Gardening, is it relaxation or just a battle?

The Light circa 2004

Well it has been raining for several days now and I like most of you I would like to get this year’s vegetable garden planted. I have been sitting in my chair drinking coffee and watching the finches at the feeder for over a week now. My raised beds in the garden resemble a project sponsored by Ducks Unlimited. My ducks usually on the pond are frolicking in puddles so large that I could launch my boat without leaving my property. But all of this will soon end and before you know it we will be dining on fresh spinach and arugula mix.

The rain continues, five days in a row now. If I can’t get on the land then I will go to the Farmer’s Market and Jack will give the 7 day forecast. I went to the Market and Jack told me more rain is expected, as usual he offer other advice on a multitude of subjects. Now is the time to read the monthly gardening magazines that for the most part I have ignored since last summer.

Recently I came across the humorous garden stories of Alan Ilagan . Gardener by day and writer on raining days Allan Ilagan thoughts on gardening are much like mine.

According to Ilagan a good gardener cannot afford to be timid . As keepers of the salad bowl we will not hesitate to sever unruly root-balls, callously part parent plant from offspring, and mercilessly behead baby seedlings where we have planted too many.

No matter what the plant , if it pops up in the wrong place at the wrong time it is a weed and it gets an immediate exit from the garden. This is not a pretty dismissal, the soon to become compost material is unceremoniously yanked from its moist spring bed. But we are not simply savages blindly committing these organic atrocities. No we gardeners on a mission working in the name of better garden management.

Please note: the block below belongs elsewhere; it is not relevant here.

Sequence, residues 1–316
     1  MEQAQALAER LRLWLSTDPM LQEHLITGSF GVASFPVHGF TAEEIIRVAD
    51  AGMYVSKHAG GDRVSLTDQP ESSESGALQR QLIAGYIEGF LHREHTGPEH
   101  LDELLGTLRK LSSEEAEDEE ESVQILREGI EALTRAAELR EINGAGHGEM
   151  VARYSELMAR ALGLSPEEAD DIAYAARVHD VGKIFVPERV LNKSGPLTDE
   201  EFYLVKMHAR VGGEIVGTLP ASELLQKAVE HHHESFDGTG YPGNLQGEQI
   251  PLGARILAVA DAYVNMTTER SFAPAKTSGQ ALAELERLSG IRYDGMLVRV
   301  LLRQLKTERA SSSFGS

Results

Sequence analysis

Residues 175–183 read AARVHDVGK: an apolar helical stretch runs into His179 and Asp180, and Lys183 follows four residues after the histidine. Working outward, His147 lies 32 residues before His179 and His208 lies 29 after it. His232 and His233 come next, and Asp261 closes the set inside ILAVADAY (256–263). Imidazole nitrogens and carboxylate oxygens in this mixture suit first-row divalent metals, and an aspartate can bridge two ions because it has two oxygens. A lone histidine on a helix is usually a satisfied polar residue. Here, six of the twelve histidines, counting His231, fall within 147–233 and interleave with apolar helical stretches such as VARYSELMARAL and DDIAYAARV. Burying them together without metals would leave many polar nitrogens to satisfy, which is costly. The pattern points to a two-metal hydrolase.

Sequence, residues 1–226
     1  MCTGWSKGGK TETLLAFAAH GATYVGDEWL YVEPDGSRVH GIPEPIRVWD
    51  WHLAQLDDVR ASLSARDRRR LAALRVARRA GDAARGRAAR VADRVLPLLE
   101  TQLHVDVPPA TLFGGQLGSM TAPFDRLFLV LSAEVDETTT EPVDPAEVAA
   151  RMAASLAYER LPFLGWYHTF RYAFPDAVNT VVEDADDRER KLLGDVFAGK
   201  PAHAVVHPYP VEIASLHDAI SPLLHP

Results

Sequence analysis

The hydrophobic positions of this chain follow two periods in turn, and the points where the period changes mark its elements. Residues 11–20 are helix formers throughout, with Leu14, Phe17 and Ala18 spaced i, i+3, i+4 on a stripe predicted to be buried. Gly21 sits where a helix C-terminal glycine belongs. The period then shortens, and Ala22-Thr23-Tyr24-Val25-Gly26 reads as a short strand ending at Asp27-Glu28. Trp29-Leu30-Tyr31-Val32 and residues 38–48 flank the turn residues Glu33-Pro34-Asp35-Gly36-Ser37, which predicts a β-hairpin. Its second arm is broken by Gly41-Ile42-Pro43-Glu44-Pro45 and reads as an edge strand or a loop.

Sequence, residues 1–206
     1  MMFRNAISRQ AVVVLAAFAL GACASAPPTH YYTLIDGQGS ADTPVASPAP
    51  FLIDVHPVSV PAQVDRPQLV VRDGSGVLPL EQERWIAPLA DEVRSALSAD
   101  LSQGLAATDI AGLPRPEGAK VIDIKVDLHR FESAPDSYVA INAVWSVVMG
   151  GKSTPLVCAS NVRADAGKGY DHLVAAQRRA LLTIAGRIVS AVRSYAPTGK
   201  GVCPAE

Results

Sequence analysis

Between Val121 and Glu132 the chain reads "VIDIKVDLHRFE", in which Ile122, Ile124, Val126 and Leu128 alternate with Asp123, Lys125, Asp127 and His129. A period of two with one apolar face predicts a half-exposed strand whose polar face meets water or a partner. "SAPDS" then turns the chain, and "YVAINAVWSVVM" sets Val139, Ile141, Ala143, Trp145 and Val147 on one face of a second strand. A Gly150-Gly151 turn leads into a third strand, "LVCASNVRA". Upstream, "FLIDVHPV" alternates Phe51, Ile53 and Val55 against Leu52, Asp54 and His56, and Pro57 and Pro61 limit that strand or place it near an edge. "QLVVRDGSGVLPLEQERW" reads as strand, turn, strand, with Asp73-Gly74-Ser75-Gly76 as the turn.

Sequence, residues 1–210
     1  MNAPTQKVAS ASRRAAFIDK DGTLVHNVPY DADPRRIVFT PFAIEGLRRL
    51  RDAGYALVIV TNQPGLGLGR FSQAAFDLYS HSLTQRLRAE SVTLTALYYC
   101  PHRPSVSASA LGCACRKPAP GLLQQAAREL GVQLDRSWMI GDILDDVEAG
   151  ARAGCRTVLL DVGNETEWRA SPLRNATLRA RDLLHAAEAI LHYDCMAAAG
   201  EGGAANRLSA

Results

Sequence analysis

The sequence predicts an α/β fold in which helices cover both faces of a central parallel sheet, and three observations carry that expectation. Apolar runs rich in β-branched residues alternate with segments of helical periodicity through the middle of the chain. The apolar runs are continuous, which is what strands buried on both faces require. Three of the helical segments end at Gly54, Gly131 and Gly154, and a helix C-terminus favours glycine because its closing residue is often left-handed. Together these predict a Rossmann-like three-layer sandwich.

It looks like the rain will stop, Jack was wrong again. Later on when the sun warms up the wet ground the plants will prosper. I am looking forward to when are our friends who don’t garden, meander along our garden paths. It is a treat they discover the results of our hard labors. Unfortunately they will be ignorant of the bloody battles that proceeded salad on the table.

Our urban guests, some with cucumber sandwiches and chardonnay in hand will see the simple superficial prettiness but not the deep rich beauty that only the toiling, sweating, bug-beating, back-breaking work can produce.

When the non gardener is at home doing the crossword puzzle, you and I are winning the hard fought battle. This is a victory over slugs, beetles, ants, thrips, earwigs, aphids, chinch bugs, eel worms, caterpillars, nematodes. borers, maggots, weevils and my favorite, the potato bug.. This is something that the non gardener can never appreciate. When commenting on the shear majesty of the delphiniums do they see the endless eradication of weeds that we must carry out daily. When I serve new potatoes to my friends are they aware that potato bugs meet their maker by 6 am every day as we pinch them until our finger nails turn a funny off yellow red. No they are not supposed to see such things, these are pleasures only to be savored by we the chosen.

We who appreciate the garden as an ever-evolving state of food and flower forget our never-ending toil, the brutality of keeping unbridled weeds in check and declaring genocide on the pest intruders. This is not a pretty process, but the end results are that we sit on the deck when the rains cease and munch on veggies that even Pete Luckett would praise. We the gardeners of The North Shore are convinced that the battle has been won but more importantly it was worth the effort.


Quietly Retired on Waugh’s River

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